Food Nicknames

I was watching ‘Victoria’ last night and Albert commented that the British press referred to him as a sausage. That’s quite typical of the British with our good balance of sarcastic, a twist of irony & a big measure of xenophobia. So, typical that even back then the press would refer to Prince Albert, as a German sausage because of their love for a good old boiled sausage.

But it got me thinking about all the food related nicknames we and other cultures throw at each other, more so embedded in the past and WHY?

Forget the sausage, that seemed to be replaced with Krout, as in sauerkraut for the good old fermented cabbage eating Germans. OF course, the irony is that sauerkraut is popular all over Europe’s central and Northern parts as well as being sold all over the world. Plus, has been proven to have super nutritional qualities – – in fact it originates from China, it’s not even German!

The French have a love for frogs legs, as do Asians, Caribbean’s and ME – – it’s just like Chicken. So maybe we imagine we call the French ‘Frogs’ because they eat it so much. But this is not the reason for the nick-name, it was because the aristocracy ordained their houses of wealth with statues of toads (the British used Pineapples), the good old English didn’t know the difference between frogs and toads so they called the Rich French aristocracy who fled to Britain for safety ‘Le frogs’.

While they called us Roast Beef, all because we taught them how to cook it in the Medieval days. Chefs from the Royal palaces would go over on cheffing tours – teaching the French to cook our fineries including the ever-popular Roast Beef.

New Zealanders are referred to as Kiwi’s as they grow and eat a lot but there quite happy referring to each other as a kiwi.

While the Germans called the Italians ‘Macaroni’s during the war. Although the Italians do have a great love for pasta, it was the Americans who boxed macaroni cheese in 1937 that increased its popularity. And where did pasta originate from – – yes, China.

Then the Australians called the British Pommies, after our Apple Rosy coloured cheeks or as in pomegranate, the colour we went in the sun.

While the Americans called us Limeys, because we drank lime juice on the ships to avoid scurvy. But of course, we eat oranges and lemons or whatever we could get hold of because no citrus grew in Britain in them old Armada days.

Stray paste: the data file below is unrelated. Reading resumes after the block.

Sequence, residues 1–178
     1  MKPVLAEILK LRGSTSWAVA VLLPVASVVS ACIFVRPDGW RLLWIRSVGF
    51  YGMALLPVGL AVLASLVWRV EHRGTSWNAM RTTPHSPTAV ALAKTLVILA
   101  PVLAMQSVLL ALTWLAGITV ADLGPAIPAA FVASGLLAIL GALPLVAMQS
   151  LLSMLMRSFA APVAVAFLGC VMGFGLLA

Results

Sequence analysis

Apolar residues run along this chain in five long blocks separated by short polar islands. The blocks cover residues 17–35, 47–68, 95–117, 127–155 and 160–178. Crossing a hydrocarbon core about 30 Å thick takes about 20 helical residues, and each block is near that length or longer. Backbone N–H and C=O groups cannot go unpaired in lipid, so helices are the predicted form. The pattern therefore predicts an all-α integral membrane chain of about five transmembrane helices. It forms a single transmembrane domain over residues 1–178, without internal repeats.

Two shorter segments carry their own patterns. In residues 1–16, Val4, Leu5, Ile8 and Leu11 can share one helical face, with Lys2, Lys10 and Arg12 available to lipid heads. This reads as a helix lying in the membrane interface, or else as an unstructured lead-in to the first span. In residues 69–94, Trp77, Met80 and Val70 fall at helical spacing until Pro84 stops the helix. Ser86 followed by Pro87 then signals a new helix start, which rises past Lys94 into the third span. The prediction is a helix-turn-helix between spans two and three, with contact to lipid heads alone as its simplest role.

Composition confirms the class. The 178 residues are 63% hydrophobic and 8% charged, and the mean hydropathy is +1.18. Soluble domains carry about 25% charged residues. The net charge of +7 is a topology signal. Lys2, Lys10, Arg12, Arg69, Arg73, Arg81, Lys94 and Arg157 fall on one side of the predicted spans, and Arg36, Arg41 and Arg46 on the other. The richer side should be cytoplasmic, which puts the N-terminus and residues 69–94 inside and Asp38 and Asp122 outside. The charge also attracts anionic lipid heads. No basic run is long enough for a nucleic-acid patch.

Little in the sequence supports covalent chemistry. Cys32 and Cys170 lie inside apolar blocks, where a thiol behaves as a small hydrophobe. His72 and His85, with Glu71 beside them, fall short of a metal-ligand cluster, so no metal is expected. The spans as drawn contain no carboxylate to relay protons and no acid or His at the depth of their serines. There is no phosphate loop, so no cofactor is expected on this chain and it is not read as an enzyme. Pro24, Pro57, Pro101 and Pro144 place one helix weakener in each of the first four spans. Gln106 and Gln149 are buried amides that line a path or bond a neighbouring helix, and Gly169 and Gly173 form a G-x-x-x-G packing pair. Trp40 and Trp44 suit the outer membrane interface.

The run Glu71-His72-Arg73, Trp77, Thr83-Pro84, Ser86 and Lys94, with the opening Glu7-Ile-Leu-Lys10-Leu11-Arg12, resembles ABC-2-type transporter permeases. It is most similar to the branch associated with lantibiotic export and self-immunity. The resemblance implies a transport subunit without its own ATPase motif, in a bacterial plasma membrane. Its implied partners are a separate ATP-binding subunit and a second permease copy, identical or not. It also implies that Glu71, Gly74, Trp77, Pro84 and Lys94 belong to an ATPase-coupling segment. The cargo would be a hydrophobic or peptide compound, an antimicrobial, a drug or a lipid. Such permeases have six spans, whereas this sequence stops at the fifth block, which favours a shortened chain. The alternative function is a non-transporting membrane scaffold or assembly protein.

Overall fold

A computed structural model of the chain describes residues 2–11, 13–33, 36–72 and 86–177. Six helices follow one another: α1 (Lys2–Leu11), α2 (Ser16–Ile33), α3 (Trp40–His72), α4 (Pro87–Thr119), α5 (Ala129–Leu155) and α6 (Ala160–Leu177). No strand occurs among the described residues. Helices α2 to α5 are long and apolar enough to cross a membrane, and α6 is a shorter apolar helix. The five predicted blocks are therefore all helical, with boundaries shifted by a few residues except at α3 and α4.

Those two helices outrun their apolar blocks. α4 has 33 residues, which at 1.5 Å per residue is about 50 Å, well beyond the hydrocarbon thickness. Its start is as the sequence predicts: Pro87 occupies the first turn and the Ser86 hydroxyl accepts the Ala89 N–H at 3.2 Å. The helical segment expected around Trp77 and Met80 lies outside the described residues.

Then there’s the Asians who call other Asians ‘Bananas’, as in yellow on the outside and white in the middle – because they amerce them self in too much western culture or live in the western world.

There is a lot of fruit simile regarding negativities in colour – like Coconut, black on the outside white in the middle.

Plus, apple – used in North American Indian culture to describe a red Indian who’s lost touch with their culture and is white on the inside.

And now I read that the British are nicknamed ‘Potatoes’ by the Chinese because we consume so many of them. But did you know the Chinese grow the most potatoes in the world (over 20%) and are the biggest consumers, especially with the ever-increasing rise of fast food and French fry consumption.

But what intrigues me the most is the FOOD thing – if we grow a lot of something, or eat a lot of something then we are called that something, more in the past of course.

The irony not being ‘it’s what we do’ but ‘it’s what we eat’, or what food we look like. Like the boy in our village who was called Spud because he looked like a potato. Or the fellow at my middle school who was called egg because he loved fried eggs and bacon.


It kind of goes back to the time when you were little and your Granny would say – if you eat any more of that you’ll look like it.

I used to worry I would look like a banana or a baked bean – but I never did!!! But I did get called crisp sandwich for a bit.


And don’t forget it’s not big and it’s not clever to bully and call each other names, and as you can see from the past – it doesn’t even make sense.


So that’s it from this Potato.

Until next time my food loving friends.

By Zena Leech-Calton